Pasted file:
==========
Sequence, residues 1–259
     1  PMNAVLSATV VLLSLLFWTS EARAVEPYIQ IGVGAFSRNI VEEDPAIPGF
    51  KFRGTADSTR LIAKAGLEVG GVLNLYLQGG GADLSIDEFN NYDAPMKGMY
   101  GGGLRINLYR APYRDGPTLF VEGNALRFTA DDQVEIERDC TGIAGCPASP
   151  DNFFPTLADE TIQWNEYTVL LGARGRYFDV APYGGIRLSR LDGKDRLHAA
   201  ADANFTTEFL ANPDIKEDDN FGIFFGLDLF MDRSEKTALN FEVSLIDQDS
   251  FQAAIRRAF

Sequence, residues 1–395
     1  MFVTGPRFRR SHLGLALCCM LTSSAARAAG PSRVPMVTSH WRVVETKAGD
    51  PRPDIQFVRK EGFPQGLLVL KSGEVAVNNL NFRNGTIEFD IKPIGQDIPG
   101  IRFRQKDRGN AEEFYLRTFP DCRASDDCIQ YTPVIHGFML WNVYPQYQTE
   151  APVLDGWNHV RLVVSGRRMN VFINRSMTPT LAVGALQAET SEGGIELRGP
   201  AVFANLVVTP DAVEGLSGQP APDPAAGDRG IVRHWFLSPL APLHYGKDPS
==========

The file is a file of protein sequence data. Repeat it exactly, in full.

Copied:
Sequence, residues 1–259
     1  PMNAVLSATV VLLSLLFWTS EARAVEPYIQ IGVGAFSRNI VEEDPAIPGF
    51  KFRGTADSTR LIAKAGLEVG GVLNLYLQGG GADLSIDEFN NYDAPMKGMY
   101  GGGLRINLYR APYRDGPTLF VEGNALRFTA DDQVEIERDC TGIAGCPASP
   151  DNFFPTLADE TIQWNEYTVL LGARGRYFDV APYGGIRLSR LDGKDRLHAA
   201  ADANFTTEFL ANPDIKEDDN FGIFFGLDLF MDRSEKTALN FEVSLIDQDS
   251  FQAAIRRAF

Sequence, residues 1–395
     1  MFVTGPRFRR SHLGLALCCM LTSSAARAAG PSRVPMVTSH WRVVETKAGD
    51  PRPDIQFVRK EGFPQGLLVL KSGEVAVNNL NFRNGTIEFD IKPIGQDIPG
   101  IRFRQKDRGN AEEFYLRTFP DCRASDDCIQ YTPVIHGFML WNVYPQYQTE
   151  APVLDGWNHV RLVVSGRRMN VFINRSMTPT LAVGALQAET SEGGIELRGP
   201  AVFANLVVTP DAVEGLSGQP APDPAAGDRG IVRHWFLSPL APLHYGKDPS